The feast of the Virgin of the Carmen began the 15th of July and went through the 17th in Paucartambo, a provincial town in Cusco. It draws many faithful and visitors from all over the world. It is one of the most anticipated celebrations in Cusco. Once a year people gather to be part of the much-loved fiesta.
Some two weeks before I went to Paucartambo I remember hearing people in Cusco talk about it and and many were making preparations to go. Wherever I went, it seemed, I would run into friends and others who were excitedly planning their itinerary for their three days of the feast.
In the Tupac Amaru and San Sebastian Plazas I also saw the dance troupes, we call them comparsas, practicing their different steps; Qhapac Colla, Qara Chuncho, Saqras, and more of the fourteen dances that accompany the Virgin in her day. All of these were go to different places to perform for Carmen. Some go to Pisac, others to Accha, and many to Paucartambo where this celebration is lived with great intensity.
The faithful who travel to Paucartambo form groups of family and friends. They prepare their cars and trucks, and some rent vehicles, in order to travel comfortably. Others just travel on the buses, a sacrifice. All make the journey with devotion in hope of obtaining the blessing and protection of the Virgin. Hearing about all this made me want to travel to Paucartambo for the first time to have the same experience.
My friends Walter, Arnold and I planned our departure for the 15th, the day of the serenata or evening serenade. Around 2 pm we left in Walter’s car with lots of expectations and hopes. Both of my friends had been before and and they told what to expect in the colonial town of Paucartambo and what events to expect. The town is located some 110 Kms from Cusco at 2830 meters above sea level.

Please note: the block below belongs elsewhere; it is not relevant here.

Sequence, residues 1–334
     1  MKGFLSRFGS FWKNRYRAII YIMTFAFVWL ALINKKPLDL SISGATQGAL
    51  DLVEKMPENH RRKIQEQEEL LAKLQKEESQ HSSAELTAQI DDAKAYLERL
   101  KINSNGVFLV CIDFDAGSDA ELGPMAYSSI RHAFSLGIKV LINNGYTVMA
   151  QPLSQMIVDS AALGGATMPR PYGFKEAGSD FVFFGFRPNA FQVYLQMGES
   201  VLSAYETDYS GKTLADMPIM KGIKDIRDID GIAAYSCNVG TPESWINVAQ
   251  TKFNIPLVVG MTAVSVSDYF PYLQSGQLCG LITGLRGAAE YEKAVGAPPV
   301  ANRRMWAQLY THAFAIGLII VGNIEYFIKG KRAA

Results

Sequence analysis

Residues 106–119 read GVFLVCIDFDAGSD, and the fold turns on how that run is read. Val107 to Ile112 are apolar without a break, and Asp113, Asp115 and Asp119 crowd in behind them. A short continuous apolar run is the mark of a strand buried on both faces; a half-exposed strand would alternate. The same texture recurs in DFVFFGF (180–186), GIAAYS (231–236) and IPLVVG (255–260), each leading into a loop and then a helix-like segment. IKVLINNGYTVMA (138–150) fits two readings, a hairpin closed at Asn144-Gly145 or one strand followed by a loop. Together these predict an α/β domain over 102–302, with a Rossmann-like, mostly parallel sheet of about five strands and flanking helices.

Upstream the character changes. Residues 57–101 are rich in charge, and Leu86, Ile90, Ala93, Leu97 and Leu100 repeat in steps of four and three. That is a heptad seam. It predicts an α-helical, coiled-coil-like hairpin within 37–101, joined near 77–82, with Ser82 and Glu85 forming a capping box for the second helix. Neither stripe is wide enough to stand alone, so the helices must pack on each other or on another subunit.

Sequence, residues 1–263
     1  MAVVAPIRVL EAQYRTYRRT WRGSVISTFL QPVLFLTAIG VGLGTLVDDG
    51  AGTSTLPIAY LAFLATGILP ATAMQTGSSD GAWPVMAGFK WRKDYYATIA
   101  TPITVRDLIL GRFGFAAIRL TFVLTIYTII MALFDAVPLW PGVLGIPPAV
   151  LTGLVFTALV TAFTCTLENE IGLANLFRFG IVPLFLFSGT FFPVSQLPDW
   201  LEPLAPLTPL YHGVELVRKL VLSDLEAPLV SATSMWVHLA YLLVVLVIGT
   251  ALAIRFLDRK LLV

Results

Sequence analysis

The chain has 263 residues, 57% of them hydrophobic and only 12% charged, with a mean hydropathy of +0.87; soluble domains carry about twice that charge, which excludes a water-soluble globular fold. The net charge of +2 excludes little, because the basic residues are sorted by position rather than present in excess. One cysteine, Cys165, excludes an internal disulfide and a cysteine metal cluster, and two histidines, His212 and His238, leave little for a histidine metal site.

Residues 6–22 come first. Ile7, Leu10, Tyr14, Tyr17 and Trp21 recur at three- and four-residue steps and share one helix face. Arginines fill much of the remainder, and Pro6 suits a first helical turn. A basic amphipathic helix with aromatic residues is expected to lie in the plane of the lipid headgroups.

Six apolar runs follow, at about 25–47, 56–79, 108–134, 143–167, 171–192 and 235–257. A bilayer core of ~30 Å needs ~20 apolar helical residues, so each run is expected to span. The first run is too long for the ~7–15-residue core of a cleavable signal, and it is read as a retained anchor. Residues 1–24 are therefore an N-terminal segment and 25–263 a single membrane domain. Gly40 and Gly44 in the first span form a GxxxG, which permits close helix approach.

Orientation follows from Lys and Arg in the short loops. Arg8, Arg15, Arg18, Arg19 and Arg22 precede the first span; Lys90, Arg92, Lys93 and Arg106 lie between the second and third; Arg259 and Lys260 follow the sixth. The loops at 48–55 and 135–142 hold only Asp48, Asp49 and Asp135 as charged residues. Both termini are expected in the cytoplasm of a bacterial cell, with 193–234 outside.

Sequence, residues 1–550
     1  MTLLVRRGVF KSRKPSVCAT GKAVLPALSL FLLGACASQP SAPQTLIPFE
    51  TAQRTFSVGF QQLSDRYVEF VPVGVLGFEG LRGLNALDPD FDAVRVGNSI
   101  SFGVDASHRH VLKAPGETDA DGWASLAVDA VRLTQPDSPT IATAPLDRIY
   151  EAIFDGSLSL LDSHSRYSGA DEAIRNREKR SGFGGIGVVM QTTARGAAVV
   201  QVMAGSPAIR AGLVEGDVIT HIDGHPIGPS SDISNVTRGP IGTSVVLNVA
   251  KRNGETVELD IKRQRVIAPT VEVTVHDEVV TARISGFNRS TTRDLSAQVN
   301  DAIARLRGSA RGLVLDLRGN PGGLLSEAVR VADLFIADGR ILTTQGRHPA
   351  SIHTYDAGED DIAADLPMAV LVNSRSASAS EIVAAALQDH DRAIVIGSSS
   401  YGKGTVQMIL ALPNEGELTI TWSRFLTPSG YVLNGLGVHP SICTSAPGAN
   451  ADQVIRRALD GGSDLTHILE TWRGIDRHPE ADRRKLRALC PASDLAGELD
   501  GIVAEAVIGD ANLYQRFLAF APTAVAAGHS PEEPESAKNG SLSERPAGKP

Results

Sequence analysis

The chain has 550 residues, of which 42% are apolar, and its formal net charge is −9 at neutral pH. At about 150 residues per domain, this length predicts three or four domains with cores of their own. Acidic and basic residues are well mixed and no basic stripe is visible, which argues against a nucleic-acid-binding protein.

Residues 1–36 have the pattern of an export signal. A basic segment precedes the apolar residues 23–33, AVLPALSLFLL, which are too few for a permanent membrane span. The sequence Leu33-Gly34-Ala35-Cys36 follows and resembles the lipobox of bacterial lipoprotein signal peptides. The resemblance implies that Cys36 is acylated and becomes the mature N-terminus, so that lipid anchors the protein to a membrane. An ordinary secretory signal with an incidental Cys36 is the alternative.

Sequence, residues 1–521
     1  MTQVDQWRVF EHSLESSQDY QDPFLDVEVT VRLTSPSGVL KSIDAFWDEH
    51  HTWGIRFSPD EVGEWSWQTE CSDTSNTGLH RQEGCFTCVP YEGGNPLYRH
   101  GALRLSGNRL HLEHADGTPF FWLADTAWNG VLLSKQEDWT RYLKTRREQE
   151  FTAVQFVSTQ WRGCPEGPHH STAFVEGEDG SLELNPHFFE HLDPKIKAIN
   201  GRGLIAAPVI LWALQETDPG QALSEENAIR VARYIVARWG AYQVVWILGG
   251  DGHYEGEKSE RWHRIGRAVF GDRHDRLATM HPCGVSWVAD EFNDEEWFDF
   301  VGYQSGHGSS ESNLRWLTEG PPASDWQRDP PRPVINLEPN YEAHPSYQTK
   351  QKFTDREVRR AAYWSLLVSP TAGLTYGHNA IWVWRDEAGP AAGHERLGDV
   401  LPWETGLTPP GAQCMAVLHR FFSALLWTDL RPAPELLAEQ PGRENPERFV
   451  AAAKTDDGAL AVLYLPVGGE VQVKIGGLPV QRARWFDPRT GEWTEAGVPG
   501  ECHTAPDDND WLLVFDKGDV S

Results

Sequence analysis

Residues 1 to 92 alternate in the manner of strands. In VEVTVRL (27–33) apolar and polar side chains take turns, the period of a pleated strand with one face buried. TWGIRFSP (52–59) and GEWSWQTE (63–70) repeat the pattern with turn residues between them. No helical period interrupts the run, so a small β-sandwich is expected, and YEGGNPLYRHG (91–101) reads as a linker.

We arrived at 6 pm when it was getting dark and looked for a secure place to park the car. We could see the picturesque narrow streets, the white adobe houses with tile roofs, and the wooden balconies painted blue. Just as I had imagined, it was filled with people everywhere. We left the car in a lot next to the Mapocho River, prepared our cameras and went out into the streets.
It was a good night to begin taking pictures. All the homes seemed to have something to offer. There were restaurants, grocery stores, chicherías, beer stores, places to store your baggage, and so on.
We walked to the central plaza. In there streets there were vendors with their food carts serving up fast food: anticuchos and hamburgers containing chicken, meat, egg, cheese, and more. It was an entire food fair. Besides the carts, there were strolling vendors rubbing shoulders with people and offering candy, cigarettes, beer, piscos, and more to calm the effects of the cold. Everyone scattered throughout the streets of Paucartambo, filling them.
We arrived at the central square where lots of people were gathered awaiting the fireworks, those colors that mix with the sky and paint fiesta in people’s heart.
After the colorful spectacle began the Qunuy, or bonfire. The Qhapac Colla dancers light Straw and sawdust a bit away, on the road that surrounds the plaza. In that way they draw the spectators so that the Qollas, the Chunchus, and the Maqtas, all well dressed in their costumes, can portray purgatory. They show off their teasing, racing, and accrobatic jumps.